The Russians in my headline are the Lebedevs, Alexander and Evgeny, Father and Son. And the context here is the fact that they own London’s evening newspaper, the Evening Standard. Formerly a DMGT property, this also entails owning some 33 hyperlocal web services around the London region. And the UK’s regulator, ever dedicated to preventing dangerous concentrations of media power in Britain, has just awarded the local television franchise for London, London Live, to (you have guessed it) the Lebedevs (presumably on the grounds that they were not Murdochs!) For once, I applaud a monopoly, since this media integration in a region large enough to sustain development at scale could be the spawning ground for the rise of MyNewpaperInLondon, as they will probably call it. When real broadband comes to the UK it will come to the London region first (the EU/UK plan calls for 100 mb/second by 2020, though that plan has been reduced in funding from £50bn to $24bn so the British government can build a prestige railway line to the North!). Whatever the politics, this intense content concentration, plus mobile, plus infrastructure, plus all of the available intelligent software equals an immense opportunity. Hope we are all equal to it!

Don’t you hate those tacky moments in presentations when the speaker says something like “Hands up who used a deodorant this morning?” and we all squirm a bit and try to think of the right answer – are we meant to smell good, or not to use aerosols for environmental reasons, or rely on pure products like water to do the trick, or regard smelling bad as a badge of democracy? Somehow they always end up by putting you in a false position. So if these are the enemy tactics, then I plan to use them in a presentation I am due to make this afternoon.

Who owns an automobile? I plan to ask, fairly confident of a full house here in Washington DC. But who shares an auto? I seek users of ZipCar, or WhizzGo. And who shares a ride in an auto? Looking here for subscribers to NuRide, ZimRide, GoLoco. And who uses P2P car rental to avoid high rental costs? (see DriveMyCar.com, WhipCar and RelayRides). The point of this annoying catechism is simple. In the land where a man’s car is his castle, the last three years has seen an unprecedented rise in collaborative car investment sharing start-ups. It takes a recession to remind us that the aging, rusting hulk in the drive way costs us depreciation every year, apart from financing costs and running costs. Car ownership used to be a life style given: now its a conscious use of resources decision – and there are clearly other options. And those options rely on networked collaborative relationships to work.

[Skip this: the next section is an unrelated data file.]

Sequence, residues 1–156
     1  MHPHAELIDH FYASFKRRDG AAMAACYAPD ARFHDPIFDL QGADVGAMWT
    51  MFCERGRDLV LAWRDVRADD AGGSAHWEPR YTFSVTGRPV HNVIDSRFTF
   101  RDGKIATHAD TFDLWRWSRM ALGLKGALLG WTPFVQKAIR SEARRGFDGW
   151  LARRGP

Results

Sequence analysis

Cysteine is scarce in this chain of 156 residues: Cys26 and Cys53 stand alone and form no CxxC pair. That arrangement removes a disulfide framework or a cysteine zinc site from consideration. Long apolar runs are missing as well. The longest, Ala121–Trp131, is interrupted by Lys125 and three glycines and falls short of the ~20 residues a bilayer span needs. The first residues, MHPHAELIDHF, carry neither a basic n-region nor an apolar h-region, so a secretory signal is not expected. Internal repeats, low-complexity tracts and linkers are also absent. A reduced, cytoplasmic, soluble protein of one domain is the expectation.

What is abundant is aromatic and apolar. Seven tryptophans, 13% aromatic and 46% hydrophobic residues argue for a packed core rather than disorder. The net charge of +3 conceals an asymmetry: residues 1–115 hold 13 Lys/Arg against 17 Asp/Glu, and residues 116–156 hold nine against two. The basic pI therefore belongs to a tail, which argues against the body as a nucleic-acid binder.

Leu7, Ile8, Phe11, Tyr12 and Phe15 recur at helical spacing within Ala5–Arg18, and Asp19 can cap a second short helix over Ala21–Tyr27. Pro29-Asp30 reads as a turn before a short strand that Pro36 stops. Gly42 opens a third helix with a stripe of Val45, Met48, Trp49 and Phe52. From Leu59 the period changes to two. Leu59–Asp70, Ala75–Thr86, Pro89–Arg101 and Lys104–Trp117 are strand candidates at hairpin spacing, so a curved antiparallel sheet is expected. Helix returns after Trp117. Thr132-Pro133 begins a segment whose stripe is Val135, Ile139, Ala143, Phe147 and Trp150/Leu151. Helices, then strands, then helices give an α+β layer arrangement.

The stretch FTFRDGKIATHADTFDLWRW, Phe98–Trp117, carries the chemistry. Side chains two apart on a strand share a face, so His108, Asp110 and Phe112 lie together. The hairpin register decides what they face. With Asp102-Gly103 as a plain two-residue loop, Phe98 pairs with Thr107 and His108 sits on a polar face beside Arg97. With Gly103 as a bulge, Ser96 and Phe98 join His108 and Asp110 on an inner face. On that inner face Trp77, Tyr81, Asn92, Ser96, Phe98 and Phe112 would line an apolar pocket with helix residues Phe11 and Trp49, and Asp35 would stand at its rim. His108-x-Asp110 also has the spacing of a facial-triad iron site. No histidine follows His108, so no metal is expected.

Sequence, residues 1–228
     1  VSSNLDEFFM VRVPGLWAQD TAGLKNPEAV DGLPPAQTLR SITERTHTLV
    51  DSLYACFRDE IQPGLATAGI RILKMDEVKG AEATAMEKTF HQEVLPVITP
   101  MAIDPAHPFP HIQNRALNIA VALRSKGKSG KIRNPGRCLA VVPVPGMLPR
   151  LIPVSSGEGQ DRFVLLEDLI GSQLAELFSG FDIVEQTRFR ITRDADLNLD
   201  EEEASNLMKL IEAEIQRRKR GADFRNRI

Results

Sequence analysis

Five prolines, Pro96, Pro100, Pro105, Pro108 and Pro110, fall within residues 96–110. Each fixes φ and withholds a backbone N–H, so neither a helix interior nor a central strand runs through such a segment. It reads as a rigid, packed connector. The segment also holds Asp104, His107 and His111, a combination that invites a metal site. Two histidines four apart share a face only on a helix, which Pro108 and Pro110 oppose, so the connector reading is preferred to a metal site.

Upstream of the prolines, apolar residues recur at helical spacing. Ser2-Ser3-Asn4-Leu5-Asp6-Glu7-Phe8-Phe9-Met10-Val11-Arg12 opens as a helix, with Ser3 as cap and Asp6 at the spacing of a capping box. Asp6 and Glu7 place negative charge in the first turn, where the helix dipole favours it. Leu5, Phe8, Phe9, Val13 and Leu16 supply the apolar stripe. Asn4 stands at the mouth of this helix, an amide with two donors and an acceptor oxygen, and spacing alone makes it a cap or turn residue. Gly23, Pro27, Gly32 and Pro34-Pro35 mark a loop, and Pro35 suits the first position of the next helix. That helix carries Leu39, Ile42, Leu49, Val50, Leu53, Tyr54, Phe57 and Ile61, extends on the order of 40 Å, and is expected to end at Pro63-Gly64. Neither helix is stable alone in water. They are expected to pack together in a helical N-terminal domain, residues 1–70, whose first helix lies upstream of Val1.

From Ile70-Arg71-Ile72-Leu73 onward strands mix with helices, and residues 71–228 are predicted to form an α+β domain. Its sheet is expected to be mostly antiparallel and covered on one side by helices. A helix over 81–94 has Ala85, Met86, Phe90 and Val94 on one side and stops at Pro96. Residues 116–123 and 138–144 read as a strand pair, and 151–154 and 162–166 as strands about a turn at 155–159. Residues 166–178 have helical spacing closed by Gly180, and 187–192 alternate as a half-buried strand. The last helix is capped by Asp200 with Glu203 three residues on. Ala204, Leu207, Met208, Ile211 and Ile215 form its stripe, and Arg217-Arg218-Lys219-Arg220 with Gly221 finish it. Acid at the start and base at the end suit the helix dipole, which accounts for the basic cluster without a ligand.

So do my friends in the information markets think that people who shared a car to work will not share content collaboratively with third parties? On one side they acknowledge sharing cultures, and complain bitterly when they see breaches of intellectual property ownership. On the other side they shy away from service sharing with other source suppliers to create service solutions which would help, through ease and completeness of access, in avoiding such breaches. In doing so they force markets into other channels, and as the water finds its way round the rock they may find themselves in mortal danger.

While these thoughts reflect the ideas that I raised yesterday, they were also prompted by an announcement by the Macmillan Digital Science service, figshare, last week. In it figshare announced a new deal with the Public Library of Science in which figshare undertakes to load all of the experimental, evidential data associated with articles published by PLoS. This gives two big collaborative pluses for PLos; in the first place they are able to satisfy the strong demand for the publishing of evidential data without a huge technology investment, and they can point out to users that being enabled to view supplemental data in a browser alongside the article offers major advantages in discover-ability for datasets, videos, graphs, figures and images. All of these factors will draw more article traffic to PLoS. For figshare this collaboration moves them into the mainstream for open access data publishing, and since articles can be sourced from the researcher’s figshare repository prior to technical review by PLoS One, for example, it makes figshare a more sensible collaborator in the sharing that matters – between researcher/author and service supplier.

These collaborations become important and indicative of the future of the industry. For example, poll results (GP Bullhound 2013) this week indicated that over 60% of current games users would want, globally, to buy into the Xbox 720 technology rather than the Sony PS4. It may be that Sony have moved too slowly to turn the PS range into both a consumer and an educational platform. Microsoft, however, have been clear on the educational drive, using SharePoint (whats in a name?) to associate all sorts of content and service environments (think only of copyright cleared content resources like Global Grid for Learning). Walking around BETT in London last week I felt the forming of an answer to the question “Who shares this market with Pearson, if the duopoly idea holds true?” The answer at the moment would be Microsoft, with a sharing attitude towards technology and content collaboration which is serving them well.

Not that they won’t have a struggle in local markets. I was pleased to see at BETT how much revived the service lines of RM appeared to be, compared to a year ago. RM Unify, a system for creating single sign – on in the Cloud to the whole range of Cloud Apps and services that a school may use is obviously a great step forward. And I really liked the idea, in the RM eBooks library, that a teacher could create a research library around a topic for a class, and r3ent access to the books required for the duration of the project. Then let teachers review each others listings, I thought (perhaps via TES Resources?) and the collaborative loop is joined up. The question then remains, in this consolidating world, of who buys TES – or even RM?